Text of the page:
The Coorong

We wanted to drive to Goolwa, across Hindmarsh Island, travelling across a bridge or barrage till we reached the Coorong. The maps looked like it may be possible, but when we reached it we found that it was not. Everyone was a bit irritated, as we were sick of driving after having travelled from Belair to Hindmarsh Island.

We headed for a Conservation Reserve near the northern tip of Lake Alexandrina to camp. We passed more wineries, and farmlands on the picturesque Fleurieu Peninsula. About 20km before we reached our intended destination, I noticed a group of campervans and motorhomes camped in a reserve. Frank Potts Reserve in Langhorne Creek was a beautiful, green shaded campground nestled between wineries. We camped there for two nights, while the kids delighted in riding their bikes on the flat ground all around.

We kept going down to the Young Husband Peninsula and camped in at the 42 Mile Crossing campground. It was ridiculously crowded when we got in that evening. We found a grassy spot to set up, had dinner and went to bed.

Jarrad got up in the morning grumpy that we’d all slept in till 9.30. He worked hard to get everything and everyone ready, including putting coffee in a thermos for us, cooking a lovely bean and bacon sauce over rice for lunch, and remembering tins of fruit and the farm cherries we had bought earlier. He even remembered his still and video camera, and Peter and Susan’s cameras.

Peter helped Jarrad get the car ready. The boys together let down the air pressure in the tyres. Jarrad locked the hub on one side and Peter offered to do the other side. We buckled everyone in the car and headed up over the first sand dune to the beach. Everyone was looking forward to our first beach sand driving, as we had all enjoyed sand driving at Big Desert.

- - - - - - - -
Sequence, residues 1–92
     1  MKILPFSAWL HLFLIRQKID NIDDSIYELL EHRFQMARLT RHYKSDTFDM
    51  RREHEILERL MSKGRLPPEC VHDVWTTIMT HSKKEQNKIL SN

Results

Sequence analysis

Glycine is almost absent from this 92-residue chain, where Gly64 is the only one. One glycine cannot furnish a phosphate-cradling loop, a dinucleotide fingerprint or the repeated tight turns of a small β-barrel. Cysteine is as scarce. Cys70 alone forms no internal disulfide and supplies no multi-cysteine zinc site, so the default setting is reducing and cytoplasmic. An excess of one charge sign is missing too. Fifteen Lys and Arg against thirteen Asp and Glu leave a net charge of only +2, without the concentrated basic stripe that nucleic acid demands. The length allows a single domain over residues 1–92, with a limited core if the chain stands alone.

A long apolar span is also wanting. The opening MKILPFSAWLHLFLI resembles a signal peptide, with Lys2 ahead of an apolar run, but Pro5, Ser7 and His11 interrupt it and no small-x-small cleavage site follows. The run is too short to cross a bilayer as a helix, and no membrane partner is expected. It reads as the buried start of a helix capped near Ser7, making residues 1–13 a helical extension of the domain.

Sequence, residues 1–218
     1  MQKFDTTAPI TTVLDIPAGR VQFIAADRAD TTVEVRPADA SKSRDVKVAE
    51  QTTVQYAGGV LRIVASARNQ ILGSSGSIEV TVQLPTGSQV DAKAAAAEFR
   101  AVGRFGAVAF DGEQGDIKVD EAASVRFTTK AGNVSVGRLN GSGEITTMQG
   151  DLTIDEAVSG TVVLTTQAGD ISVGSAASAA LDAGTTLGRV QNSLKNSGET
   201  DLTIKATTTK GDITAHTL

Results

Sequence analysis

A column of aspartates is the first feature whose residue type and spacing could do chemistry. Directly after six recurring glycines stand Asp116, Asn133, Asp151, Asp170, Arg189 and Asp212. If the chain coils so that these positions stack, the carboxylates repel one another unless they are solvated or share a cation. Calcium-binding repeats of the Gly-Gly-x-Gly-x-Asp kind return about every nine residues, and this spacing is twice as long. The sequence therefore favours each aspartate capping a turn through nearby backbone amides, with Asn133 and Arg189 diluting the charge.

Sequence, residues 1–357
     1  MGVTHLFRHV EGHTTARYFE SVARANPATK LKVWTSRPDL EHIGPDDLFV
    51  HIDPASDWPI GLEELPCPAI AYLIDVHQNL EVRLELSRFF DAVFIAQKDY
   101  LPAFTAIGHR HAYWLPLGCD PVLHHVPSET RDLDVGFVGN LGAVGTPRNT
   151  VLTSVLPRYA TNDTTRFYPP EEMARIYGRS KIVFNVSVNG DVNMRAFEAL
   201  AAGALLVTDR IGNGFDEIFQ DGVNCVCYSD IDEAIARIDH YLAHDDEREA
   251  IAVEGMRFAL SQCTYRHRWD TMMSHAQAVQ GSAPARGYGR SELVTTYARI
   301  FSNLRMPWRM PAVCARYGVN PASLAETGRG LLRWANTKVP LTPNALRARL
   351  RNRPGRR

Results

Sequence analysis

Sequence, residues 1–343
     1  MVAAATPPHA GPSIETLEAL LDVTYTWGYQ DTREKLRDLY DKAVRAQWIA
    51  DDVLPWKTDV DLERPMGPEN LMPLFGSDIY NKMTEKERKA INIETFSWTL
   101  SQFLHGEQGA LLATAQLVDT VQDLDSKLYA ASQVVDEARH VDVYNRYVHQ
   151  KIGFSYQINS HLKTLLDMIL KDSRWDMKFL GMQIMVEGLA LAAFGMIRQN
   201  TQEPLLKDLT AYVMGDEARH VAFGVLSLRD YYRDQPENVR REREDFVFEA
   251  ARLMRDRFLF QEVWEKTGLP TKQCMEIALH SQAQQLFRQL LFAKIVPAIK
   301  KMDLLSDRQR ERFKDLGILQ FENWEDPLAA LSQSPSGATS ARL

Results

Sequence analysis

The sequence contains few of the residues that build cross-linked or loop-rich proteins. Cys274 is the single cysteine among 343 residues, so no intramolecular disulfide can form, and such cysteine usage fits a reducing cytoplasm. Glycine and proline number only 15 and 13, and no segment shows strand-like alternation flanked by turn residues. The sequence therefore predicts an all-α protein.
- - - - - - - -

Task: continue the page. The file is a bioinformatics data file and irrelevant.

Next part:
Sand Driving

We managed to get bogged three-quarters of the way up the track over the sand dune towards the beach. Jarrad had to reverse a few times to get a better run-up so we made it up. Someone drove past much faster and yelled out the window, “Put it in four-wheel drive!”

“Why would he say that?” Jarrad asked, and we kept going. We got to the beach and saw the choppy waves. The waves were big and choppy, and were just as likely to crash into each other as the beach. There were people and fishing rods everywhere; we found out a little bit later that the annual Lions Club surf fishing competition was held that day. Every ten meters or so another huge surf fishing rod would be standing upright in the sand.

We hadn’t gone very far before the car became well and truly stuck in the sand. Jarrad got out of the car to start digging the car out of the sand. He stuck his head back in the car and said to me, “Peter didn’t lock the hub. It hasn’t been in four-wheel drive at all!”

 

Once Jarrad had locked the other hub, dug us out with some help from a passing car, and engaged the car into low-four we drove out easily. It was much easier going after that, but the corregations were terrible along the first 10km or so where the fishing competition was being held.

We passed through a gate near Tea Tree Crossing that told us the track was closed between 24th October and 24th December due to it being a breeding ground for plovers. It was much quieter beyond there, and we enjoyed driving, watching the waves crashing fiercely on the beach.